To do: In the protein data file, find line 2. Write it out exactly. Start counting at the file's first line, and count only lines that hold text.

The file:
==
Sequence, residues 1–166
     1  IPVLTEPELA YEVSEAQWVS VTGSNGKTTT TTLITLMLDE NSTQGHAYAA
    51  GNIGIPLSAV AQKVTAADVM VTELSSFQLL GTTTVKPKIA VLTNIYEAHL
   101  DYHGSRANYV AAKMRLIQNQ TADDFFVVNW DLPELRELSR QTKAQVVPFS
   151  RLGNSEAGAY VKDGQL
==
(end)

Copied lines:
     1  IPVLTEPELA YEVSEAQWVS VTGSNGKTTT TTLITLMLDE NSTQGHAYAA